• If multi-dispatch depended on a bindability check, we'd like to just keep the candidate around, and not re-bind everything. There wasn't an easy way to do that either.
  • Nor was there a particularly easy way to implement nested signatures. These allow powerful functional-style matching as well as deep data structure unwrapping.
  • Signature binding in Perl 6 isn't just done when calling a routine. For example, you can use a signature to bind and unpack return arguments too. These return unpack signatures can be just as complex as those used when calling a routine. Heck, you can even have a signature literal and just smart-match against it to attempt binding. We needed something that was going to support these use cases too, which argued against having Parrot doing half the work and us patching it up later.

The new signature binder I have merged into master this evening either supports or is designed with later supporting all of these needs in mind. It handles binding named arguments to positionals right out of the box, for example. So now if you declare a sub:

sub plot($x, $y) { }

Then you can call it as any of:

plot(x => 4, y => 2);
plot(4, y => 2);
plot(2, x => 4);
plot(y => 2, x => 4);

Under the new signature binder, it was also trivial to add the code to avoid re-doing the type checks for a multi-dispatch candidate. While I didn't yet add the "don't re-bind when we did already passed a bindability check" improvement, that's mostly because it requires a slightly less trivial refactor to the multi-dispatcher - there's some stuff stubbed in to support it when I get that done though. And also there's a stub for nested signatures, which will be coming along later. Those are going to be way cool.

A couple of other things came up during the refactor that also led to some on-the-side bonus improvements. The most immediately useful one is that lexical variables declared outside of packages are now visible inside them - a source of much past frustration.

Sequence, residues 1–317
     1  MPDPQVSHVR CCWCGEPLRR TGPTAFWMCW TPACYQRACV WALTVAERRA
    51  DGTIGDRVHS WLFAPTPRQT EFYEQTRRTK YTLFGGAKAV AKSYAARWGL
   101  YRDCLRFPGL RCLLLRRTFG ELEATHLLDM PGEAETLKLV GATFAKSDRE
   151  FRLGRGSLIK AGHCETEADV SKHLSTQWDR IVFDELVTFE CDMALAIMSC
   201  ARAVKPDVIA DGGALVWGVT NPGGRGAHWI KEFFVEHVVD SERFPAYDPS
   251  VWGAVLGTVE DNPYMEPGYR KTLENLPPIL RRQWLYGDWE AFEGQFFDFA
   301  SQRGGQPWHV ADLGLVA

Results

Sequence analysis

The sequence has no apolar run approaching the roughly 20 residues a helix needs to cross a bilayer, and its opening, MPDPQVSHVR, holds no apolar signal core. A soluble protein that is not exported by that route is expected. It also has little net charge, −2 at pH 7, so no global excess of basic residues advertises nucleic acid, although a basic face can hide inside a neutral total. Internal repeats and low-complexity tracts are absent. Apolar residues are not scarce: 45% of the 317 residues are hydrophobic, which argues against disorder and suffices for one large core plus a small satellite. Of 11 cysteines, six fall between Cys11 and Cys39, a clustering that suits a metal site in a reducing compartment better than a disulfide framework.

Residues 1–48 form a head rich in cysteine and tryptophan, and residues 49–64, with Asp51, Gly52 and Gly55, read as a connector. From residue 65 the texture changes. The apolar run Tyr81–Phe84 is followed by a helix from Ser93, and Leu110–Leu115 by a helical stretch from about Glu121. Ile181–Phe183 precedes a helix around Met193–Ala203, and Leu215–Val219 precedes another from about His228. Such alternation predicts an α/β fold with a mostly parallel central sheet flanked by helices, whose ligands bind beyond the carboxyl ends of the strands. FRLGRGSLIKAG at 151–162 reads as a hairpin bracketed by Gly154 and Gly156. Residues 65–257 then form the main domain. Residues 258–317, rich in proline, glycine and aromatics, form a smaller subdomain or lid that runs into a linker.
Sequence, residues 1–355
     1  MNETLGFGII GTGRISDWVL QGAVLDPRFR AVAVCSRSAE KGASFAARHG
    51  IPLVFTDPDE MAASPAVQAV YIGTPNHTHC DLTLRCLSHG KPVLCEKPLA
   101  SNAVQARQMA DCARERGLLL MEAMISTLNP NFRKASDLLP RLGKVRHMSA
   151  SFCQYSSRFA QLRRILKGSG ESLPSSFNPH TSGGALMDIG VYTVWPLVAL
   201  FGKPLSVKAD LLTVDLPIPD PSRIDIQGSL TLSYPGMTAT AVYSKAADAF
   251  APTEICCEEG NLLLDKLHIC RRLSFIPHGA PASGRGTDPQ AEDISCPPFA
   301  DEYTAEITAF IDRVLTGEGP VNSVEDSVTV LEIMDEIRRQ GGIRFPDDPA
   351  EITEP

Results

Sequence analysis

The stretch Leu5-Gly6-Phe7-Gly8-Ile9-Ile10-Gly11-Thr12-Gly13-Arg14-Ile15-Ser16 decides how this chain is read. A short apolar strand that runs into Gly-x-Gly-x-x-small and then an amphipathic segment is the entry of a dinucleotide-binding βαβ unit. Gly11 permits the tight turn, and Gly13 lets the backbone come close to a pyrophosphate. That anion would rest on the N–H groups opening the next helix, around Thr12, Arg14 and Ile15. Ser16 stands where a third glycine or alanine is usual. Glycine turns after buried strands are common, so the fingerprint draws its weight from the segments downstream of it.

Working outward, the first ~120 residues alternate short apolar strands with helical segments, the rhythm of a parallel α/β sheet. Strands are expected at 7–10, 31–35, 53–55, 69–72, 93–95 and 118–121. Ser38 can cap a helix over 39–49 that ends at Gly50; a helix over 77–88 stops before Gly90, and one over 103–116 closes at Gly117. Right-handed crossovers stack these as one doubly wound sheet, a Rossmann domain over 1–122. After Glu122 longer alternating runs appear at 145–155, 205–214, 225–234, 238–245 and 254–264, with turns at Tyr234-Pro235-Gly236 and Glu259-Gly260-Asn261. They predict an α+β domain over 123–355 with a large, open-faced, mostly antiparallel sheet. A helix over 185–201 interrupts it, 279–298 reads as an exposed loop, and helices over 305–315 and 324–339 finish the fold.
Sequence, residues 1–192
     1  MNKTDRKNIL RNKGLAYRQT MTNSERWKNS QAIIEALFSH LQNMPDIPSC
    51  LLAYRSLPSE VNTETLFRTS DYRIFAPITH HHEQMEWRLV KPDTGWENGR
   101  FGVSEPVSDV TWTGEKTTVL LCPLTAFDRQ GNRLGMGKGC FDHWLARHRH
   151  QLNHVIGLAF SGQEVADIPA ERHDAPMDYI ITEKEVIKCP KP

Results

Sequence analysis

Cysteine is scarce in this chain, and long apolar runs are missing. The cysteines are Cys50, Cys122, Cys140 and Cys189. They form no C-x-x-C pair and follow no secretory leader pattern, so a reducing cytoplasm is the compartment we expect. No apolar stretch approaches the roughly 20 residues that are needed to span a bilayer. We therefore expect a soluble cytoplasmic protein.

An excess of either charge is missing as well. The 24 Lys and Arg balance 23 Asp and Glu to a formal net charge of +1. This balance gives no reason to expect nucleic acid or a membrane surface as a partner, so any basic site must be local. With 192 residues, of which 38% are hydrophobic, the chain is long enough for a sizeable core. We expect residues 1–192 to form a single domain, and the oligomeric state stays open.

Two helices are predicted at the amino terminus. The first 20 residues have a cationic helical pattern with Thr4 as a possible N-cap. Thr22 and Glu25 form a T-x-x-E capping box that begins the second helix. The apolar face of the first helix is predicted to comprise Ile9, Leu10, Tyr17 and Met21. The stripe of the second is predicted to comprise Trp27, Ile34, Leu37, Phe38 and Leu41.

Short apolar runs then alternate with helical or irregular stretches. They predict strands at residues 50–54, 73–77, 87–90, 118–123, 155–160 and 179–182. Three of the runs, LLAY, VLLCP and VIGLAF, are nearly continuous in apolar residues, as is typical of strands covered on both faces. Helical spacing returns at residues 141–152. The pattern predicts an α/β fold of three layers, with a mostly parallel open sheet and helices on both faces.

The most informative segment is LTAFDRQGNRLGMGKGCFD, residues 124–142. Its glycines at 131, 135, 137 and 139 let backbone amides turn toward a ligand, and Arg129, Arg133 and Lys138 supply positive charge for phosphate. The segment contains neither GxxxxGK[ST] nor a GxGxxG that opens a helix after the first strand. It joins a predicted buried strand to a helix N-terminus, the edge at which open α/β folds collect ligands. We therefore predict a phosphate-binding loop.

my $dips = 0;
class Chip {
    method dip() {
} my @chips =,,;
@chips>>.dip for 1..10; say $dips; # 30

I also fixed the bug with junction auto-threading and for loops, so if the signature of your for loop declares a non-junctional type then you'll get the body run multiple times, once for each thingy in the junction. Also, signatures can now be written as literals, without getting weird errors.

Finally, I mentioned that one goal was getting better performance. I've not yet started to optimize the new binder - yes, it has some built-in by design performance improvements, but I didn't really dig in to the real effort of making it faster yet. Even so, the gains are notable. The figures below are the percentage of time it now takes to run some micro-benchmarks on specific language constructs compared to before I started working on the signature and binding improvements. So for example, 10,000 method dispatches now take about 26% of the time they used to.

Startup: 76%
10,000 sub dispatches: 45%
10,000 multi dispatches: 35%
10,000 method dispatches: 26%
10,000 multi-method dispatches: 20%
10,000 operator dispatches: 33%
postfix:<++> 10,000 times: 57%

These figures sure don't mean that Rakudo is fast yet - we've a long way to go until I'd say that - but I think for the "we didn't start optimizing the new binder yet" phase, these are an encouraging start.

More as the grant progresses. In the meantime, enjoy the improvements. :-)